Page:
cramd in as the geese that flie over the mountaines
in Silicia, which carry stones in their beakes
lest their cackling should make them a pray to the
Eagles, where you might learne witte of a goose. “ἢ λὲγε σίγης κρει̂ττον ἢ σιγην ἔχε”.
Either speake peace, or hold your peace. Is it not
irksome to a wise and discreet judgement, to heare
a booke stuft with such like sense as this, “The
world is not made of oatmeale”
? I have heard of
some that have thought the world to have beene composed E1r 23
composed of atomes, never any that thought it
made of oatmeale: “Nor all is not gold that glisters,
nor the way to heaven is strewd with rushes, for a
dramme of pleasure an ounce of paine, for a pint of
hony a gallon of gall, for an inch of mirth an ell of
moane,&c”
. None above the scumme of the world
could endure with patience to reade such a medly
composed of discords. Sometimes your dogrill
rhymes make mee smile, as when you come,

“Man must be at all the cost, And yet live by the losse: A man must take all the paines, And women spend all the gaines: Their catching in jest, And keeping in earnest. And yet she thinkes she keepes her selfe blamelesse, And in all ill vices she would goe namelesse. But if she carry it never so cleane, Yet in the end she will be counted for a cunny-
catching queane.
And yet she will sweare that she will thrive, As long as she can finde one man alive.”

I stand not to descant on your plaine song; but
surely if you can make ballads no better, you
must be faine to give over that profession: for
your Muse is wonderfully defective in the bandileeres,
and you may safely sweare with the Poet,

“Nec fonte labra prolui caballino, Nec in bicipiti somniasse Parnasso Memini.――”

Sometimes you make me burst out with laughter,
when I see your contradictions of your selfe; E I E1v 24
I will not speake of those which others have espied,
although I had a fling at them, lest I should
actum agere. Mee thinkes, when you wrote your
second Epistle, neither to the wisest Clerke, nor
yet to the starkest foole, the giddinesse of your
head bewrayes you to be both a sillie Clerke, and
a starke foole: or else the young men you write to
must be much troubled with the megrim and the
dizzinesse of the braine: for you beginne as if you
were wont to runne up and downe the Countrey
with Beares at your taile. If you meane to see the
Beare-baiting of women, then trudge to this
Beare-garden apace, and get in betimes, and view
every roome where thou maist best sit, &c.

Now you suppose to your selfe the giddy-headed
young men are flockt together, and placed
to their owne pleasure, profit, and hearts ease. Let
but your second cogitations observe the method
you take in your supposed sport: In stead of
bringing your Beares to the stake, you say, I thinke
it were not amisse to drive all women out of my
hearing, for doubt lest this little sparke kindle into
such a flame, and raise so many stinging hornets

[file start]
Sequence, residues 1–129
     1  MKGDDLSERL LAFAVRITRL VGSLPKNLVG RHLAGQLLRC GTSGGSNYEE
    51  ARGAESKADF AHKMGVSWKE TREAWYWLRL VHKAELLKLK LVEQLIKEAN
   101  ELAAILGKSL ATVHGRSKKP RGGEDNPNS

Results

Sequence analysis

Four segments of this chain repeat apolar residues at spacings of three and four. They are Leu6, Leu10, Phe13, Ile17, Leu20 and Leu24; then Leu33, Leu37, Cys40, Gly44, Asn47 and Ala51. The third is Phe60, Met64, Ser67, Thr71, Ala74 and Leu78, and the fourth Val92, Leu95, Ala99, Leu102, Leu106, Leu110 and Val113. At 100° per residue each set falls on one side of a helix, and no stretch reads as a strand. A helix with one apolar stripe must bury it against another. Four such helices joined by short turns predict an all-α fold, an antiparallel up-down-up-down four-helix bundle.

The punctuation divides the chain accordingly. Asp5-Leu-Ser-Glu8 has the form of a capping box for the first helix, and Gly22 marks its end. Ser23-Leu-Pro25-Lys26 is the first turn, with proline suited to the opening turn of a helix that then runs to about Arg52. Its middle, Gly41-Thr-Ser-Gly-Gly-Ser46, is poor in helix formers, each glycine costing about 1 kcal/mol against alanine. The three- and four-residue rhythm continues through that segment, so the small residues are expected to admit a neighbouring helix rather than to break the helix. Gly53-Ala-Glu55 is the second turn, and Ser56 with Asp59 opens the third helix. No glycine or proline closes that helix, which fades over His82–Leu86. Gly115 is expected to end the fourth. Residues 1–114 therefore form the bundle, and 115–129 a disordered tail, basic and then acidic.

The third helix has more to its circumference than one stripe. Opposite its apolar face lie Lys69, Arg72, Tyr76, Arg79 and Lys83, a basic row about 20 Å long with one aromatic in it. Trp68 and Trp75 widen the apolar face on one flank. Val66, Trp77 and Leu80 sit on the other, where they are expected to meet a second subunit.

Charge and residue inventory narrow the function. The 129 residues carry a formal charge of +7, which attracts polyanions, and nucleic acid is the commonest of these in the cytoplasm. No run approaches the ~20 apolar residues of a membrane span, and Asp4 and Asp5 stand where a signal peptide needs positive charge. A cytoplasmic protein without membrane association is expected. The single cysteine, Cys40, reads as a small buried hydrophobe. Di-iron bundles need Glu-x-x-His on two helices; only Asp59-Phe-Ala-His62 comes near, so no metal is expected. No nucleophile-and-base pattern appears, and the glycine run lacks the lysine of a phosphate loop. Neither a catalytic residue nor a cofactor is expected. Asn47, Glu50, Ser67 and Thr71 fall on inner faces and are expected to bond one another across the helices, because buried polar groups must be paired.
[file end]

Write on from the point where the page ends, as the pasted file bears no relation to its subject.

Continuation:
humming about mine eares, that all the wit I have
(which is but little) will not quench the one, nor
quiet the other. Doe yee not see your apparant
contradiction? “Spectatum admissi risum teneatis
amici”
? You promise your spectators the Beare-
baiting of women, and yet you thinke it not
amisse to drive all women out of your hearing;
so that none but your selfe the ill-favoured
Hunckes is left in the Beare-garden to make your inuited E2r 25
invited guests merry: whereupon it may very
likely be, the eager young men being not willing
to be guld and cheated of their money they paid
for their roome, set their dogges at you, amongst
whom Cerberus that hell-hound appeared, and
you bit off one of his heads; for presently after
you call him the two-headed dogge, whom all
the Poets would faine to have three heads: You
therefore having snapt off that same head, were
by the secret operation of that infernal substance,
converted into the same essence: and that may
serve as one reason that I tearme you Cerberus the
Jaylor of hell; for certainly “Quicquid dicitur de
toto, dicitur de singulis partibus”
: That which is
spoke of the whole, is spoken of every part; and
every limbe of the devill is an homogeneall part.
Doe yee not see (goodman woodcocke) what a
springe you make for your owne selfe? Whereas
you say tis a great discredit for a man to bee accounted
a scold, and that you deale after the
manner of a shrew, which cannot ease her curst
heart but by her unhappy tongue; observe but
what conclusion demonstratively followes these
premises:
A man that is accounted a scold, hath great discredit:

Joseph Swetnam is accounted a scold:
Ergo, Joseph hath great discredit.

If you denie the Minor, tis proved out of your
owne assertion, because you deale after the manner
of a shrew, &c. where wee may note first a
corrupt fountaine, whence the polluted puddles E 2 of E2v 26
of your accustomed actions are derived, “A curst
heart”
; then the cursednesse of your booke (which
if you might be your owne Judge, deserves no